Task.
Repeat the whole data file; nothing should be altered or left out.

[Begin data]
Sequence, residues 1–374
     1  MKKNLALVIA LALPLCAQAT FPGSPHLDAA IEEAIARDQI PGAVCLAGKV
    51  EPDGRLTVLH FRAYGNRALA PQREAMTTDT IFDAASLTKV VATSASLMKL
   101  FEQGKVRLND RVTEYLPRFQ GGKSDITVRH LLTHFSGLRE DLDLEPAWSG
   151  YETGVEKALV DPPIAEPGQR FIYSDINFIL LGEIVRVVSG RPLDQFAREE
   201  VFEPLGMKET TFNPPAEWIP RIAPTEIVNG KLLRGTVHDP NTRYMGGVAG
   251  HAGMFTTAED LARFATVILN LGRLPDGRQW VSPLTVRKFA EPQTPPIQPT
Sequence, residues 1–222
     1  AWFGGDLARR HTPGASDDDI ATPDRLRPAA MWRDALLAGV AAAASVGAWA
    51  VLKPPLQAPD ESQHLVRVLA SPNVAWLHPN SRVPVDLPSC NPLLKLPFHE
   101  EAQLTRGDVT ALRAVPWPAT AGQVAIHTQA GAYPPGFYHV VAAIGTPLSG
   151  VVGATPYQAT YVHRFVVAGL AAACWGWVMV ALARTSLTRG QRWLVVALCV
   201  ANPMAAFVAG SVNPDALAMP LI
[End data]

Sequence, residues 1–374
     1  MKKNLALVIA LALPLCAQAT FPGSPHLDAA IEEAIARDQI PGAVCLAGKV
    51  EPDGRLTVLH FRAYGNRALA PQREAMTTDT IFDAASLTKV VATSASLMKL
   101  FEQGKVRLND RVTEYLPRFQ GGKSDITVRH LLTHFSGLRE DLDLEPAWSG
   151  YETGVEKALV DPPIAEPGQR FIYSDINFIL LGEIVRVVSG RPLDQFAREE
   201  VFEPLGMKET TFNPPAEWIP RIAPTEIVNG KLLRGTVHDP NTRYMGGVAG
   251  HAGMFTTAED LARFATVILN LGRLPDGRQW VSPLTVRKFA EPQTPPIQPT
Sequence, residues 1–222
     1  AWFGGDLARR HTPGASDDDI ATPDRLRPAA MWRDALLAGV AAAASVGAWA
    51  VLKPPLQAPD ESQHLVRVLA SPNVAWLHPN SRVPVDLPSC NPLLKLPFHE
   101  EAQLTRGDVT ALRAVPWPAT AGQVAIHTQA GAYPPGFYHV VAAIGTPLSG
   151  VVGATPYQAT YVHRFVVAGL AAACWGWVMV ALARTSLTRG QRWLVVALCV
   201  ANPMAAFVAG SVNPDALAMP LI